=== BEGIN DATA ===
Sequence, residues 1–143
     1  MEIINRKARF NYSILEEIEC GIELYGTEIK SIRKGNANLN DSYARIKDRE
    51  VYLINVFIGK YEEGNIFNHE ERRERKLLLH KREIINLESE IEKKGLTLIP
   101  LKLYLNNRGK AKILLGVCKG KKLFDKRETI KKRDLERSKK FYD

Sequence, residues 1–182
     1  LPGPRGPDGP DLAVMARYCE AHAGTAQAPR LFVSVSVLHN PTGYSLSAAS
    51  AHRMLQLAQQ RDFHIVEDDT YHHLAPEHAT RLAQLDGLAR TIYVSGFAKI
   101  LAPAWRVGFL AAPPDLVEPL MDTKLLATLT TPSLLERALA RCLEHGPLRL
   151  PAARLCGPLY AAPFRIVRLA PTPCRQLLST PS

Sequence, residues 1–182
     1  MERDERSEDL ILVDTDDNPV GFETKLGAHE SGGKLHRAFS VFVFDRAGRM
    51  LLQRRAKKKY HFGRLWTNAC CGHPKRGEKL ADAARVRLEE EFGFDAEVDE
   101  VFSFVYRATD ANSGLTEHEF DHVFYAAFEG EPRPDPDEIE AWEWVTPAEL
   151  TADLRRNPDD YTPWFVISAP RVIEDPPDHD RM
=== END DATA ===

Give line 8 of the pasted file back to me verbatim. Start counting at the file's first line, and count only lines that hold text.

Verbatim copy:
   101  LAPAWRVGFL AAPPDLVEPL MDTKLLATLT TPSLLERALA RCLEHGPLRL